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Ranking of liens

 * There may be several claims against a


ship, each giving rise to a maritime lien or
possessory lien.
 E.g., a ship may have been in collision with a
second vessel, and salvage services may
have been rendered by a third vessel.
 The owners of the salvaged vessel may
become insolvent while the vessel is at a
repair yard in the port of refuge and may
fail to pay
 the master’s wages and disbursements,
 the crew’s wages,
 the ship repairer’s bill and other bills
incurred from suppliers, port authority,
agent, etc.
 Meanwhile, there may be undischarged
mortgages on the ship.
 All these claimants may exercise
individual liens, as outlined above,
 but the total of their claims may well
exceed the value of the ship.
 In these circumstances, the vessel would
probably be arrested and sold by order of
the court.
 * Obviously there will have to be some
priority
 set for the discharging of the various liens
when the sale proceeds are distributed to the
claimants.
 There is no statutory ranking for
maritime claims, and the priority is mainly
at the discretion of the court.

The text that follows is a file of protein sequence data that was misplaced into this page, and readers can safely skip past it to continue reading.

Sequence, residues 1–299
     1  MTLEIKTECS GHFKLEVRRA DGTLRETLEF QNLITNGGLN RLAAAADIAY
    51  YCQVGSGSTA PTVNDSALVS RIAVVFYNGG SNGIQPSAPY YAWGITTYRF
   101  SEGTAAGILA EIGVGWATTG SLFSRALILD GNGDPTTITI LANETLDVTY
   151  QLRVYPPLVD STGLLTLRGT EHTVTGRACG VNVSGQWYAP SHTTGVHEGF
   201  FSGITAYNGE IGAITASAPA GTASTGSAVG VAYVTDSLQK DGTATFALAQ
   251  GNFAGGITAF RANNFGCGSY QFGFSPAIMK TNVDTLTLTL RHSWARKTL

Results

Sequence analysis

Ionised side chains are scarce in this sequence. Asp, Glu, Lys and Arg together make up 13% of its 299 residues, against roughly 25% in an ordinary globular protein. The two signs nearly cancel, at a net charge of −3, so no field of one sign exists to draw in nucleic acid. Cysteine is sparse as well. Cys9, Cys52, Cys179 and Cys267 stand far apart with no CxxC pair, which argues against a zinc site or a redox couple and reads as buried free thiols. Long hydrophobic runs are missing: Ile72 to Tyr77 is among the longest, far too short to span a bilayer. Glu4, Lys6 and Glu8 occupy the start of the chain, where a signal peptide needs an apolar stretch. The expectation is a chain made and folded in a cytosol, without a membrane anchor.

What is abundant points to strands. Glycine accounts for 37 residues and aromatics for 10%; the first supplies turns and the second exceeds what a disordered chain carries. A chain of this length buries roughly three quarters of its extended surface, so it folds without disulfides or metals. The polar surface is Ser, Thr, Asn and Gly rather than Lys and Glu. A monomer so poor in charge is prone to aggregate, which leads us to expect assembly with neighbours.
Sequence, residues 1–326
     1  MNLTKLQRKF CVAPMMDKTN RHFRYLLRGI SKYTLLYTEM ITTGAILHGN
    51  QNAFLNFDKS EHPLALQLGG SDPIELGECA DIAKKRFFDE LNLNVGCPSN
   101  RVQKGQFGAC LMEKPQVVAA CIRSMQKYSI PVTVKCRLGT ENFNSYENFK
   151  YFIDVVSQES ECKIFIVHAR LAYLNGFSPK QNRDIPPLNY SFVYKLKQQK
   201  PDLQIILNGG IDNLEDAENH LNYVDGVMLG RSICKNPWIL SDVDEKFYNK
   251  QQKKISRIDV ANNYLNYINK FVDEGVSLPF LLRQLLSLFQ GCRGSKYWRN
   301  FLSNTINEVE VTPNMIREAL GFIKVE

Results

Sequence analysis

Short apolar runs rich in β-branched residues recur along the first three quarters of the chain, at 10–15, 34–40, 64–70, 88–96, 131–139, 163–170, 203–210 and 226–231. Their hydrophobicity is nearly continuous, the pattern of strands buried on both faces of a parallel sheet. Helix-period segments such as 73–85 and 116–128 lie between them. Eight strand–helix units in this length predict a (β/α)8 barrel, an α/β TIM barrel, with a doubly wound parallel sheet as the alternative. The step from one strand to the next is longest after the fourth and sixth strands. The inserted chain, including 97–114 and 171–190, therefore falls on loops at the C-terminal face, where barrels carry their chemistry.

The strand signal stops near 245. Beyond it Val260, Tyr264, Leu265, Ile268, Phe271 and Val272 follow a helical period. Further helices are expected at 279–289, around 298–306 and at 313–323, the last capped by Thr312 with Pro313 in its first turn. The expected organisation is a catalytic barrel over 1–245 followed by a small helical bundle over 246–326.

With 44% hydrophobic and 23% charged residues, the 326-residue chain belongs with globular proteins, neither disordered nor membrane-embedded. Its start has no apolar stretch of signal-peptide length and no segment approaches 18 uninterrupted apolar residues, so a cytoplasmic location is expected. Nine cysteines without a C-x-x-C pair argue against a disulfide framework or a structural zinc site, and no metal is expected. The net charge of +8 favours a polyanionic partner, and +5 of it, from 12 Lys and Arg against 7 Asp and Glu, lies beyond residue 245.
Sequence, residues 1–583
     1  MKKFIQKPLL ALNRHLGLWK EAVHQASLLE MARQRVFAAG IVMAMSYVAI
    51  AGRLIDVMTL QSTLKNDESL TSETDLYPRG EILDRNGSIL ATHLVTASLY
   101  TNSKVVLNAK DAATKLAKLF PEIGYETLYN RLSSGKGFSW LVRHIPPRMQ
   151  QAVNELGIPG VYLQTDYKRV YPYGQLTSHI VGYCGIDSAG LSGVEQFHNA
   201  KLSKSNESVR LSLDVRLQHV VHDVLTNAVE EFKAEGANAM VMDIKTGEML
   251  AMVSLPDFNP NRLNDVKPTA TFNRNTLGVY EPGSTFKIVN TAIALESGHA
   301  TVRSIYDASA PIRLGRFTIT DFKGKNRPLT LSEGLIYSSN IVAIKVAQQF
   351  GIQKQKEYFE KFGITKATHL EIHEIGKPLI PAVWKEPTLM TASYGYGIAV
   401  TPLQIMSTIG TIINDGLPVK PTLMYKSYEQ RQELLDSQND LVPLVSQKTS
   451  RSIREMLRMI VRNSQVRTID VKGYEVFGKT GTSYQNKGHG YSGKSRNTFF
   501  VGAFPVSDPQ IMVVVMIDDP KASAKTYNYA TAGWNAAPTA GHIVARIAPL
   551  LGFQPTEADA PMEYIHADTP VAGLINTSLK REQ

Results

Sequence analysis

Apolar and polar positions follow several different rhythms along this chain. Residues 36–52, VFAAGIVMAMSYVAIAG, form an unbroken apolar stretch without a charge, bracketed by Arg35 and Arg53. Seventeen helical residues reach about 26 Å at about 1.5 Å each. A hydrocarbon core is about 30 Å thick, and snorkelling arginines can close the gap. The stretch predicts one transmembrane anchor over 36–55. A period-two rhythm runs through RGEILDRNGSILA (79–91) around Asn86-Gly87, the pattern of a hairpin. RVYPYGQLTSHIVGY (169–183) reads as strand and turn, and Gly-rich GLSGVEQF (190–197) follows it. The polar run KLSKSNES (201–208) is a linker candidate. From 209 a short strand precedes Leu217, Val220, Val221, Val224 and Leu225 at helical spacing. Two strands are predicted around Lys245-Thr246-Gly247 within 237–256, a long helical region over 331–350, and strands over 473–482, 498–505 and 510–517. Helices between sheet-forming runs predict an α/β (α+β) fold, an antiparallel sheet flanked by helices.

 * Normally, in the UK, the expenses of the
Admiralty Marshal are paid first.
 Maritime liens will come next, before
mortgages and any statutory rights in
rem (i.e. against the ship or cargo, etc.)
and common law possessory liens.
 * A salvage claim will normally rank
higher than other maritime liens,
 since the salvor has preserved the property
and thereby the fund from which other
claimants are claiming.
 * Wages liens normally follow the salvor’s
lien, followed by master’s
disbursements.
 * Among several contractual liens, and
especially where there are several
contractual liens for salvage services,
 the later lien ranks first, since it is the
later act that has preserved the property
for earlier claimants.
 * Maritime liens arising for damage
arising from tort,
 e.g. negligent navigation, normally rank equal
to each other unless it can be proved that
they arose at different times (e.g. where a
ship has had a succession of collisions).
 * Maritime liens arising from tort (e.g.
negligent navigation) normally have
priority over liens arising from contracts
agreed before the tort,
 since contracts are entered into voluntarily.
 However, a salvor’s lien attaching to a
ship after a collision normally ranks higher
than any damage liens resulting from the
collision, for reasons explained above.
 * The ship repairer’s lien, which is a
common law possessory lien and not a
maritime lien, ranks lower than maritime
liens attaching before the ship arrived at
the repair yard.
 The repairer’s lien will, however, rank
before any later maritime liens arising
while the ship is in his yard.
 His lien will be lost if the ship is allowed
to leave the yard, but he will continue to
have his statutory right in rem.